The Big Question
The Big Question: Lisa Dell'Alba
What are some of the challenges of being a small operator?
I think we are forced to creatively solve a lot of problems that are unique to the time we’re in. I just earned my blue belt in jujitsu, and I like to draw analogies to being a small operator. You have an opponent, right? And your opponent could be federal government regulations, for example. It could be the person across the street who might be a Wawa or Sheetz or someone who has it dialed in so well.
It’s your job to think about the angle you approach things with, and moving forward is one move but not always the right move. Sometimes when you look at the scenario, moving backwards makes more sense. In jujitsu, you have to think in 3D, and there are times on the mat when you realize moving forward is the worst place to put yourself in.
During COVID, a lot of places slowed down, but our industry sped up. For two years it was to stay open— that’s still very challenging. Some of my colleagues have had to close doors because they don’t have anyone to work. Is there another angle? Is there an opportunity to be nimble and move faster than your opponent when it comes to innovation or getting the store staffed in a creative way? In terms of innovation, I don’t know that it’s always this big thing. Sometimes it’s just solving problems on the fly and in a new way.
Handling product availability is one example. We’ve always said stay open, keep the store staffed, well-lit, friendly, clean and well-stocked. Well-stocked is an issue right now, so instead of that forward momentum of saying we need to keep the store stocked, maybe it’s, ‘let’s reduce the stock and create more space. Let’s create a new, more inviting environment that doesn’t feel so crowded.’ Or, ‘let’s highlight the things that our customers really want.’ I’ve noticed my competitors are doing that. In one store I just visited it was all foodservice, and the actual shelf space and the gondolas in the store set were very minimal.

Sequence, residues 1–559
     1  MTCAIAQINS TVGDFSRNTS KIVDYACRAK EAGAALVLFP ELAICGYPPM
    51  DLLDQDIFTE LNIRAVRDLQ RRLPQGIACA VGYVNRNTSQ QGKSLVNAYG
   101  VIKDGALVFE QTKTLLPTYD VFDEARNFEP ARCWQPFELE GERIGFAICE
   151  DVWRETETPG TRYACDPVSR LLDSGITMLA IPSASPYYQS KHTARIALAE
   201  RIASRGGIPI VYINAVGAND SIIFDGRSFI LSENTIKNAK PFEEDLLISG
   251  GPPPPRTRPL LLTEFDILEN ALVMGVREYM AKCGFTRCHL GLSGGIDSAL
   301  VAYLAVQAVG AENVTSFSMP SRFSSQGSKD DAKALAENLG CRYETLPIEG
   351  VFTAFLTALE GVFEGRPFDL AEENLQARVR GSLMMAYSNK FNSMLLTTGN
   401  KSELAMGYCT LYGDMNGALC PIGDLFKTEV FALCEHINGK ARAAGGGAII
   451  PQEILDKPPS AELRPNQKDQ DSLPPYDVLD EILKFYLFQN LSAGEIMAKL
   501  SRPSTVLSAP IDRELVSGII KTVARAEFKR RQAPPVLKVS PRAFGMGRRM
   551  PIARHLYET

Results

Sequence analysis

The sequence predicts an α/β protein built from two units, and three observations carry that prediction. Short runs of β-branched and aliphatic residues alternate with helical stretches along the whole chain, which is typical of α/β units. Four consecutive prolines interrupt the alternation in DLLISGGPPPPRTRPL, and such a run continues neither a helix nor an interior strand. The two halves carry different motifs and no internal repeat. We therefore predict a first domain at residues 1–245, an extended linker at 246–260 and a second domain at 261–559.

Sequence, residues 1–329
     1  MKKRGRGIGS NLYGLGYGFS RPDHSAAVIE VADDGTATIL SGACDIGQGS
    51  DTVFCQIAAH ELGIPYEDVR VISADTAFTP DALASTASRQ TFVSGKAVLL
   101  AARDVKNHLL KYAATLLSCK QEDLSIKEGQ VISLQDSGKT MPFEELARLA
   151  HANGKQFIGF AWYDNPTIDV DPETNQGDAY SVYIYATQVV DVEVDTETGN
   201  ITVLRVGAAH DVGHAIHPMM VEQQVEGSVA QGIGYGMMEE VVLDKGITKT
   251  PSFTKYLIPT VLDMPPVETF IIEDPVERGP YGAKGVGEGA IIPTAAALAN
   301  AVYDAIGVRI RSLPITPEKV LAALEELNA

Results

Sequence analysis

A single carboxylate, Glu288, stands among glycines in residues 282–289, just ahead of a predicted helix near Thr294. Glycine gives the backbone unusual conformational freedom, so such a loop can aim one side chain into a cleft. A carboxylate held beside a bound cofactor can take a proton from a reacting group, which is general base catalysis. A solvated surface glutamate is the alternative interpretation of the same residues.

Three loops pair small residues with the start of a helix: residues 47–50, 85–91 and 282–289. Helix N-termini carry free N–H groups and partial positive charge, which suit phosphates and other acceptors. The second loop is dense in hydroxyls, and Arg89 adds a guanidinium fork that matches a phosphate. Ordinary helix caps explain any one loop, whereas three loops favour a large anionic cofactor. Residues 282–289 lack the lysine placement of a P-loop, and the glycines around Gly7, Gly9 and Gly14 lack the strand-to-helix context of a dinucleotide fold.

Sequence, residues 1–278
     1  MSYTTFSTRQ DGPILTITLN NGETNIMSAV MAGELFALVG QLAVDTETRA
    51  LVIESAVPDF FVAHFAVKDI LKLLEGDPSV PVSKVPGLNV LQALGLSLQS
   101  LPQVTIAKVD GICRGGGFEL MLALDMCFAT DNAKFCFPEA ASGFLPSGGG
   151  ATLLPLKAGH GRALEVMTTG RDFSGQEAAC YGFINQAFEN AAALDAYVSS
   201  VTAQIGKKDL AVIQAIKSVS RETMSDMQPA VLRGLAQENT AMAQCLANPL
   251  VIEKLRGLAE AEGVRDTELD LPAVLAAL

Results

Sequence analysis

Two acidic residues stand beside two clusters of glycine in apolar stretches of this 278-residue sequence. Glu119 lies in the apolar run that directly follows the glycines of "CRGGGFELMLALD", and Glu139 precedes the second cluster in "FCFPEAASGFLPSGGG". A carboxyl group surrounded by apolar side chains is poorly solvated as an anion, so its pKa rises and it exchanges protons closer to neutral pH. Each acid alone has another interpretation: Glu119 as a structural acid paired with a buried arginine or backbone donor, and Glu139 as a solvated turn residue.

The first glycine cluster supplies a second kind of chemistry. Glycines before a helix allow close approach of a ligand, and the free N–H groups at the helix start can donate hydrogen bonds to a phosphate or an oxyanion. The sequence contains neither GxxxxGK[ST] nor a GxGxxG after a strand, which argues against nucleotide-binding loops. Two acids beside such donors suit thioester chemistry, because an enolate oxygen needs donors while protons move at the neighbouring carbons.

Everyone in this industry says what you always did isn’t good enough anymore. You have to constantly reinvent yourself, and I think this period is showing us that that’s absolutely necessary, because if you want to be viable to your customers and continue to be convenient, the fast-forward button has been pressed.
One of the things that’s really important about NACS is you get to collaborate with people. When I’m in jujitsu class, my training partner is a black belt and my instructor is a 4th degree BJJ black belt, brown belt in judo and a karate master. You can literally stop in the middle of a roll and be like, ‘hey, I’m stuck. What advice do you have for me?’ And they’ll show you things that you don’t even realize—like you think you’re trapped and there’s no way you’re going to get out of this. And it’s like, ‘OK, bridge your hips up and move this way, and you’re like, ‘oh, I didn’t see that.’
It’s this big moving puzzle of problem solving, and if you train at the right place, the people around you are vested in your success. It’s not unlike NACS. It’s having people around you that help you solve problems.
As a small operator there are a lot of problems to solve right now, and sometimes you feel like you are being crushed by a 200-pound opponent, and you’re not. Sometimes it takes people on the outside to see what you don’t see and to give you the advice you need to move. You don’t have to be the biggest, strongest person in the room. It’s about using leverage, angles, space and the stronger parts of you against the weaker parts of your opponent.